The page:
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How to extract modern Ubuntu initramfs

Just to remember, there is an explanation here, from which the following directive can be taken:

(cpio -id; zcat | cpio -id) < /path/to/initrd.img

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  1. I am working on Lubuntu 22.04, and either the lubuntu team creates the ramdisk differently, or the command is now out of date.

    This works for me:
    (cpio -id; cpio -id; zstdcat | cpio -id) < /path/to/initrd.img The ramdisk I am working with now has 2x uncompressed CPIO archives, prepending a "Z Standard" compressed main ramdisk.

    1. They can modify it, however – how? Can you run the command ‘file’ on the initrd file? Or ‘lsinitrd’? It will give you a lot of details and insights.
      In any case, on Ubuntu 22.0.4 my command works, and there is no reason to assume that this mechanism has changed. Just to be clear – your command failed on my test with the following output:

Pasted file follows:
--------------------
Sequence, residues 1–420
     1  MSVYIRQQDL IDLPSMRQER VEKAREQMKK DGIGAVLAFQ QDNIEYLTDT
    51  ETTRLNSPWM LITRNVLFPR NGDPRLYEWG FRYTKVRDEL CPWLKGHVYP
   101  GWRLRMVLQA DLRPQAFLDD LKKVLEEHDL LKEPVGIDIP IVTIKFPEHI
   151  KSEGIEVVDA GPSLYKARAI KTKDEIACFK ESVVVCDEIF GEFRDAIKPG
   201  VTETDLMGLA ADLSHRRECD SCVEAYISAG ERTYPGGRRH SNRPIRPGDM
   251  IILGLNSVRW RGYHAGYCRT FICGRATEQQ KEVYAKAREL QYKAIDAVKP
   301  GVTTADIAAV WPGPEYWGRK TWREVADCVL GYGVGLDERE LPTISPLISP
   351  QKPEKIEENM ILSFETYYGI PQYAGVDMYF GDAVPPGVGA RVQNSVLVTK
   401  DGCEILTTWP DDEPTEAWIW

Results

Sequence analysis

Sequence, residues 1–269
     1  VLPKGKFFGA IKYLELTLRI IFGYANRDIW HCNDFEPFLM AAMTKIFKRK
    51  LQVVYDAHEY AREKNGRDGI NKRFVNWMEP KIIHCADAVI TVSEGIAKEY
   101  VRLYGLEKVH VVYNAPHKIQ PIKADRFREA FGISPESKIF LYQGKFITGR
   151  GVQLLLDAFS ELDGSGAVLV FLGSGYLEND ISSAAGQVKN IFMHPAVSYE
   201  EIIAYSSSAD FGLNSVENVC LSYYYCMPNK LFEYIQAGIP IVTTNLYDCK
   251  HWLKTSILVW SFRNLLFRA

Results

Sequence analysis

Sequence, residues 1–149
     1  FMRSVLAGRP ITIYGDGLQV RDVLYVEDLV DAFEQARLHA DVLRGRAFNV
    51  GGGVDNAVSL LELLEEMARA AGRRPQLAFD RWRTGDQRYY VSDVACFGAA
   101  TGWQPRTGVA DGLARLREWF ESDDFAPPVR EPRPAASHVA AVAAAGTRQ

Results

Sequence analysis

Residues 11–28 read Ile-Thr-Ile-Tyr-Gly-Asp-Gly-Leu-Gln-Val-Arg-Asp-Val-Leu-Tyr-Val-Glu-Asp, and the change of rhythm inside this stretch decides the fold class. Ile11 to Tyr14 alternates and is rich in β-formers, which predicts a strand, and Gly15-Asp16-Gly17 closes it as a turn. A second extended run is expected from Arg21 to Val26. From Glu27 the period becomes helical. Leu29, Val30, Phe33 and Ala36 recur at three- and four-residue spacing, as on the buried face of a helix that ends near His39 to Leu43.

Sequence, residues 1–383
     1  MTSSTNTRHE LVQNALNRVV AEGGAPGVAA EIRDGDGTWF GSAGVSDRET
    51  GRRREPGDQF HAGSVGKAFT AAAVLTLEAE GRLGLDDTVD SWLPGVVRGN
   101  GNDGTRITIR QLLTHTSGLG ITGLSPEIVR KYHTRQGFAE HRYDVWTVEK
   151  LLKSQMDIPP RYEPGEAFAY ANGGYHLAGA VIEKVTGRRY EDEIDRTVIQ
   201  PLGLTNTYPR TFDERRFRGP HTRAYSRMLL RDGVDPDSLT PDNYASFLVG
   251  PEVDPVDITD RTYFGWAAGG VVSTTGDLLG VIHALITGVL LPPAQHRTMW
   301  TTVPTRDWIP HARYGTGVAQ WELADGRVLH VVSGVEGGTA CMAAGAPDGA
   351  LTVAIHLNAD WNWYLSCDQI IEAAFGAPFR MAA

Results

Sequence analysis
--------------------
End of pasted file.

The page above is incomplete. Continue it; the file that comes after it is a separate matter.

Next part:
cpio: Malformed number
      cpio: premature end of archive

      1. Hi etzion, while I was initially confused by your response, I think I understand where the difference comes from. With my initrd I have 3 CPIO archives, the first 2 being microcode for AMD and Intel CPUs respectively – they each have their own CPIO archive. Then the third archive is the main initial ramdisk, encrypted Z standard encryption.

        My ramdisk comes from the Lubuntu ISO. It is the ramdisk used to load the live environment. I assume the ramdisk you are using is for Ubuntu, installed on your computer? It would make sense to me that they would drop one of the first two microcode ramdisks, depending on what is applicable to the machine’s processor.

        Thanks for your response, by the way you have some great info on your website. Thanks for what you do!

        1. I understand. You were using the special LiveCD initrd. On systems which are on-disk, the initrd is created per the hardware configuration and layout of the system. Your note is good and important – and it exposes a structure including both microcodes as the same time, for both types of CPUs. When the system is installed on disk, it will integrate only the CPIO image for the relevant microcode. Makes a lot of sense.

          I really appreciate the feedback. I have been collecting and sharing (and using it as an extended memory) for a long while. Some of it is still relevant even today 🙂

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